Synthesis of hexafluorobenzene through batch reactive distillation.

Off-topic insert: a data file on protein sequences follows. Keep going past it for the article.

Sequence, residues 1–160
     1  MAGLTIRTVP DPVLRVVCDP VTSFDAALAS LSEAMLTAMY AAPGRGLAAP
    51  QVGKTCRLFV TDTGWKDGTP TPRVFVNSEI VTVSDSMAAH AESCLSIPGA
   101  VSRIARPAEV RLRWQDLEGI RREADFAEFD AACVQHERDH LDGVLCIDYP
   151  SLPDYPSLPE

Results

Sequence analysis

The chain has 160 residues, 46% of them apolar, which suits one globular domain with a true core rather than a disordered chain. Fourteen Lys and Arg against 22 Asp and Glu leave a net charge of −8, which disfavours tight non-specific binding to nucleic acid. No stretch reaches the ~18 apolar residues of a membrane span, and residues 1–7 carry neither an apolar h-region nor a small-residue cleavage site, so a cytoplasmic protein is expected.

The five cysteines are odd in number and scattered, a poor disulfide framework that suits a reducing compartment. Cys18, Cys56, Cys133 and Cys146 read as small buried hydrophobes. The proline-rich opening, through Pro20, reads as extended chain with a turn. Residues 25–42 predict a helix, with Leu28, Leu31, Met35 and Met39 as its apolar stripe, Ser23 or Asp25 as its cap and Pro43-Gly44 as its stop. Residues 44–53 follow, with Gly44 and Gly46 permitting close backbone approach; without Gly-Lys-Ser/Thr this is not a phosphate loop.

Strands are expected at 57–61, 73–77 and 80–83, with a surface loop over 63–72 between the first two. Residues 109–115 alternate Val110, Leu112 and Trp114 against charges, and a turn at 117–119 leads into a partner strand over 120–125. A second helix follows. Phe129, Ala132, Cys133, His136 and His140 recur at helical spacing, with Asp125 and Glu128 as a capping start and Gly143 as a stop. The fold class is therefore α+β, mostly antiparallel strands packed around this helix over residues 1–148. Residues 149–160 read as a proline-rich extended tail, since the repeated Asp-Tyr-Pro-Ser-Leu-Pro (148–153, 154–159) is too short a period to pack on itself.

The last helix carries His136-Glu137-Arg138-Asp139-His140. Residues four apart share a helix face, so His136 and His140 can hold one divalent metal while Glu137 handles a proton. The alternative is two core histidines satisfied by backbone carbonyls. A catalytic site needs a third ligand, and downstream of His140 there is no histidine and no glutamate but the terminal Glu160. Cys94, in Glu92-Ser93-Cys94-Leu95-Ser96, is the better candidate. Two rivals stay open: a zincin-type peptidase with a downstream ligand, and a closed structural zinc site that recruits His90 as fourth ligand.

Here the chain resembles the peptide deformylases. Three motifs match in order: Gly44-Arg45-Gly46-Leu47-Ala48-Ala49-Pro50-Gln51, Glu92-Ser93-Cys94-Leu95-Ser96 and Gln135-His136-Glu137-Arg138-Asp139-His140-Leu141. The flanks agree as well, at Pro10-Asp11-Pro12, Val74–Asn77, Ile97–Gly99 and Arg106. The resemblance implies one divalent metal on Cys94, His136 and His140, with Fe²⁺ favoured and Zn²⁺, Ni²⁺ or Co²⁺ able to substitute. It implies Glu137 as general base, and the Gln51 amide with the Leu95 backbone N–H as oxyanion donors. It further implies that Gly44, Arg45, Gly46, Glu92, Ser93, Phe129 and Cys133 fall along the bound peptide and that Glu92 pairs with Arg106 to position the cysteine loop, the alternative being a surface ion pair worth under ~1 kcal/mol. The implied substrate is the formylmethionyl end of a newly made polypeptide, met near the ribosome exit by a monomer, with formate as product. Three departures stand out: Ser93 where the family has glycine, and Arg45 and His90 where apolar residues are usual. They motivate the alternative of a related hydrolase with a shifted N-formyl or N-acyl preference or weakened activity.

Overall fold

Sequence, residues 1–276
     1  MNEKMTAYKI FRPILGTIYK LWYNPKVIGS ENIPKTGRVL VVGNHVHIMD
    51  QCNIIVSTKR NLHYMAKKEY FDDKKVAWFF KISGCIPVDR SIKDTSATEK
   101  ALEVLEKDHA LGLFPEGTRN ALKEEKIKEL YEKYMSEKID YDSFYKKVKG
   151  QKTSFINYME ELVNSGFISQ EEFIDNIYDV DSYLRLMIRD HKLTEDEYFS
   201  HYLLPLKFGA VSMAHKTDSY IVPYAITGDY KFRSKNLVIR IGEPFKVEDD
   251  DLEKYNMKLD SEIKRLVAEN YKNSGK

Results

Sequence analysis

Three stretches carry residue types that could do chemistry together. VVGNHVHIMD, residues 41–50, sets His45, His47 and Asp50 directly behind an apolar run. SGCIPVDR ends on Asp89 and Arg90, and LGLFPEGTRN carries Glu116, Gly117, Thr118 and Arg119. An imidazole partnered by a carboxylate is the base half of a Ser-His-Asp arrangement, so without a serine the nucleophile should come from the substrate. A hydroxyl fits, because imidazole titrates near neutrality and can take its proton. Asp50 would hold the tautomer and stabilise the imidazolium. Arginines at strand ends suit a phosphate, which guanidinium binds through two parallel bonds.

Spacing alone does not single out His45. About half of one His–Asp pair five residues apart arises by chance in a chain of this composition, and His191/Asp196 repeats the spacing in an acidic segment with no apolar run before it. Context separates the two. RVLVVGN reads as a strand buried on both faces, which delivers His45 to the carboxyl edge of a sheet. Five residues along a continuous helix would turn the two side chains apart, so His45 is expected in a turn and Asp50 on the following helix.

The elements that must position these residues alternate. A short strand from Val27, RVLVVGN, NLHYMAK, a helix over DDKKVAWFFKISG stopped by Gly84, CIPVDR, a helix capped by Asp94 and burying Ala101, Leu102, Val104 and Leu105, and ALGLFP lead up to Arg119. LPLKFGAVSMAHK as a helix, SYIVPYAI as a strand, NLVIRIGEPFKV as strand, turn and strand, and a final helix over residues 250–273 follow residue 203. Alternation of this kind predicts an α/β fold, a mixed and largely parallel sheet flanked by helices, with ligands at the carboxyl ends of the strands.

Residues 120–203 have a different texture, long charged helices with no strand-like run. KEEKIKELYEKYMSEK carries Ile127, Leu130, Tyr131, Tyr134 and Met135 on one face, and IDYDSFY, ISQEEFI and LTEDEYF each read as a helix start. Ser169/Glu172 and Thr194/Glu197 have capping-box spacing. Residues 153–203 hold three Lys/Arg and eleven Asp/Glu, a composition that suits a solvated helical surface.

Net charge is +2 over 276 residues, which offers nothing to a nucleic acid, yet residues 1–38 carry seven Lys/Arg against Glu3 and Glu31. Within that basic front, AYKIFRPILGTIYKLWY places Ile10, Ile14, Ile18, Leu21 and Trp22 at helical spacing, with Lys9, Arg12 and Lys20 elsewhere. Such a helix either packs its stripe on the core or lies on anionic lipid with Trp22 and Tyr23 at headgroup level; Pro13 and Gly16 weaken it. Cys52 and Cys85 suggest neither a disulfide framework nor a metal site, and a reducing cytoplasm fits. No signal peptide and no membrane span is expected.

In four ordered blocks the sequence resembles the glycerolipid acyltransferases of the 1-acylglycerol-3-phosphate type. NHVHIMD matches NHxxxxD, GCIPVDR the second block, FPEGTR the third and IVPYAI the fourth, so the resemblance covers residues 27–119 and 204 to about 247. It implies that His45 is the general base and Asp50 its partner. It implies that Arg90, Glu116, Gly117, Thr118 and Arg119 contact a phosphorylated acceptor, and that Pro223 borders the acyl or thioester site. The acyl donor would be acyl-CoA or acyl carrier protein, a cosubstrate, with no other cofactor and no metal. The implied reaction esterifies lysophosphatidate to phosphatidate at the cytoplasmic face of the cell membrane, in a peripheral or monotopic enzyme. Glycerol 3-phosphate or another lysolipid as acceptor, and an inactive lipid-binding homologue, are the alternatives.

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South Africa is home to the second largest fluorspar (CaF2) reserves in the world, outside China; and it is consequently integral to the international supply of CaF2 to hydrogen fluoride producers. This is demonstrated by South Africa’s position as the third largest exporter of CaF2. But while it produces 5% of the world’s total requirements (ca 4.55 million tons per annum), South Africa earns less than 10% of its final output value. As a result, a Fluorochemical Expansion Initiative (FEI) was established to increase the beneficiation of South African mined CaF2. Under the auspices of FEI, this dissertation describes the research and development of a method for the synthesis of a perfluorinated aromatic compound, hexafluorobenzene (C6F6). C6F6 is a product within the CaF2 beneficiation value chain that has utility as a heat exchange fluid, lubricant, solvent and within the pharmaceutical industry. The investigation was broken up into two phases: Firstly the equipment was validated by replicating the experiments and comparing results to the biodiesel reactive distillation experiments found in literature. Once the equipment was validated, the main experiment for improving the yield of hexafluorobenzene was carried out. This was undertaken by reacting hexachlorobenzene, dissolved in sulfolane under the action of various alkali metal fluorides (potassium fluoride (KF) and caesium fluoride (CsF)) and through variations in the ratio of the alkali fluoride to hexachlorobenzene. For both phases, the experiments were carried out in a glass, batch reactive distillation system. The quantities of the various products formed were determined via quantitative analysis using a gas chromatograph equipped with a flame ionization detector. It was observed that the use of caesium fluoride increased the molar yield of C6F6 to 0.59% as to the 0.27% that was produced when potassium fluoride was used. The effect of temperature on the yield of C6F6 was also investigated and the results depicted that higher temperatures favoured higher yields of C6F6. The effect of varying molar quantity of KF on the molar selectivity of all fluorinated products was additionally examined and it was concluded that a change in amount of KF did not significantly affect the molar selectivity of the products. On the other hand, for increasing amounts of CsF an increase in molar selectivity’s of the higher fluorinated compounds were observed. It was further noted that an increase in temperature resulted in an increase in v molar selectivity of fluorinated products. The opposite was observed for the lower fluorinated species. A simplified kinetic model was developed for the KF and CsF system. The model comprised six reactions and the experimental data was used together with a nonlinear regression technique implemented in MATLAB® to identify the kinetic parameters. Using the kinetic parameters, a simulation was then performed to determine the effect of time on the moles of products and consumption of hexachlorobenzene using either KF or CsF as the fluorinating agent. It was observed that using KF resulted in a better conversion but poorer selectivity towards the highly fluorinated products as compared to using CsF. The better conversion may be due to the mixing efficiency due to the lower actual mass of solid KF in the reaction mixture than solid CsF. The poorer selectivity may be due to the slightly superior solubility of the CsF which promoted fluorination in the sulfolane medium.